Dirt: Craze for an IKEA bear

You need Djungelskog.

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Jess Thomson writes on the quarantine obsession with a giant fuzzy teddy bear from everyone’s favorite Swedish bookshelf purveyor.

You might not know Djungelskog by his name, but you’ve probably seen his face. He has popped up on every corner of the internet, universally craved, omnipotent. He is a hero, a saviour, a comforting blanket of fuzz coating the hearts and warming the souls of the entire planet. He is everywhere, yet nowhere. He’s also fucking adorable. (Except to cats, as seen in this TikTok.)

Djungelskog was the internet's favourite bear in 2020. One of IKEA’s most popular items, Djungelskog is a 100cm-tall coffee-coloured teddy bear with sweet little beady black eyes and a melancholy aura. He's chubby and slightly sad-looking — much like myself for most of the past 12 months. He has taken Gen Z in particular by storm. Everyone seems to want some of his love.

“This big brown bear always greets you with open arms” effuses Djungelskog’s product description on the IKEA website. “Cuddly like no other and with a lovely giant stomach where you can feel safe resting — in other words, a real softy.” This description is apparently accurate, as nearly every single review is 5 stars and sings his fuzzy praises, with one user named Betty leaving this review:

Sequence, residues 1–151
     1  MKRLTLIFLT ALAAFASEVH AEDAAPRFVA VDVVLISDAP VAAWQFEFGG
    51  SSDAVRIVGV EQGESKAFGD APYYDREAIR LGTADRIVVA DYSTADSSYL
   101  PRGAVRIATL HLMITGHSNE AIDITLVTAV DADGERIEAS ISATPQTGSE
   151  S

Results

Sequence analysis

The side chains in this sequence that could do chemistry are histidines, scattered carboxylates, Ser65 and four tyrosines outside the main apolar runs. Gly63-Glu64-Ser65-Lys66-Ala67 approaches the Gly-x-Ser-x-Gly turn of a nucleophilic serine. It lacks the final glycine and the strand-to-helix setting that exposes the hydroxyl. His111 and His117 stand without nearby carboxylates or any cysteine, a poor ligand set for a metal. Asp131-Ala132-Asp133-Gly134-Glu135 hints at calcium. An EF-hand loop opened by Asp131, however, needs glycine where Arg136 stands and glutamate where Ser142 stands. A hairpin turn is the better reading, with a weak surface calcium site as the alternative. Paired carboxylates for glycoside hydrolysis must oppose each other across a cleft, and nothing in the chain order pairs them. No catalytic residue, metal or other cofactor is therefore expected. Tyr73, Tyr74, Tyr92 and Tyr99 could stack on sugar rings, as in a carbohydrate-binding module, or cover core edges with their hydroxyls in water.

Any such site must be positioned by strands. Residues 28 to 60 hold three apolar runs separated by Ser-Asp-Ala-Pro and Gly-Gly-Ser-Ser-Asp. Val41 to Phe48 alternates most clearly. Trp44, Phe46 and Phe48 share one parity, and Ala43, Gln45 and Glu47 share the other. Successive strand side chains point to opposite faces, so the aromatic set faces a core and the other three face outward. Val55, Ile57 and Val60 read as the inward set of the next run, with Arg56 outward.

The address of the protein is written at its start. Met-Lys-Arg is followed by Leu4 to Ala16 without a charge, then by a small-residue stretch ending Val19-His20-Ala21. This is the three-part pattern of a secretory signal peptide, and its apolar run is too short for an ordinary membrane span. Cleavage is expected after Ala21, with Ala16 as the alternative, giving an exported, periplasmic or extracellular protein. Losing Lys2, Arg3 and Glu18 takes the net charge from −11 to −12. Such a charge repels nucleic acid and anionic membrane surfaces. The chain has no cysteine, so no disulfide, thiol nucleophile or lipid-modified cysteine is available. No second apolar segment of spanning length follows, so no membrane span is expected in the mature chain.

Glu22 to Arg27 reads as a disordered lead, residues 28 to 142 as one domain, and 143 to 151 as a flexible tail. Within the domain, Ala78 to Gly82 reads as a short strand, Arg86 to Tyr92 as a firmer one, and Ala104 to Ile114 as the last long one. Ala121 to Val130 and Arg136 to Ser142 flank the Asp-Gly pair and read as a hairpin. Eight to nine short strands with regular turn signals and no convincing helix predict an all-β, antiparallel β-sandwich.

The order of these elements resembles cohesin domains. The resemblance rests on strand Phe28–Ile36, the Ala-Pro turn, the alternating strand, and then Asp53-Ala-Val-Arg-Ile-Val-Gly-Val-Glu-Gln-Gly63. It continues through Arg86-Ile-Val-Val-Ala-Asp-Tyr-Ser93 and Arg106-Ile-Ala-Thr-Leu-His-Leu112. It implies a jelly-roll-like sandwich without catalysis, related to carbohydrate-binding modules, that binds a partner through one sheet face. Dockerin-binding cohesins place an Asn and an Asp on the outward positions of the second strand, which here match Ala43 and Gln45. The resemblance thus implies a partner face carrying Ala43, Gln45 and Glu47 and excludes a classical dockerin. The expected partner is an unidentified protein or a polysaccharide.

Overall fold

“The most precious boy. I am an adult woman who bought this purely because he’s the most beautiful boy I have ever seen. My husband doesn’t appreciate that I find him slightly more huggable than him, nor that he is sprawled out on our bed instead of him 90% of the time, but I think he’s slowly coming to terms. Nobody who encounters the Djungelskog can resist his charms. He’s a delightful friend.”

A delightful friend, indeed. Djungelskog has become a meme. Countless Tweets proclaim love for him and the pain of not being able to access him: Djungelskog was sold out in many stores for long periods last year. Girls cry out, rejecting all men in return for one soft night sleeping on his fuzzy chocolate-coloured belly. Many, myself included, would willingly lay our lives on the line to preserve his angelic little face. Once a mere hibernating mammal, he has been elevated to a symbol of comfort, of relaxation, of inner peace and acceptance.

So much of internet culture during the past year has been about romanticising your life and indulging in things that make you happy in the face of the crumbling of Western civilisation. Djungelskog is the ultimate partner in crime in that respect. He watches on, without judgement, in your darkest moments. He comforts you and wipes away your tears, letting you bury your face in his marshmallow-like belly. He sings along into the hairbrush as you jump on your bed, screaming out your favourite song, coming-of-age movie style. Even if you weren’t one of the lucky ones who was able to welcome Djungelskog into your home, you can be safe in the knowledge that out there in the world is extremely large bear who won’t judge you when you order in nachos 3 nights in a row.

He is a bear of the people, there for all in spirit if not in body. With so many people feeling isolated over the past year, Djungelskog deftly fills the stuffed animal-shaped hole that has yawned in us since we were children. He makes us whole again, in a way. Thank you, Djungelskog. For everything. — By Jess Thomson

The Dirt: More huggable than your husband.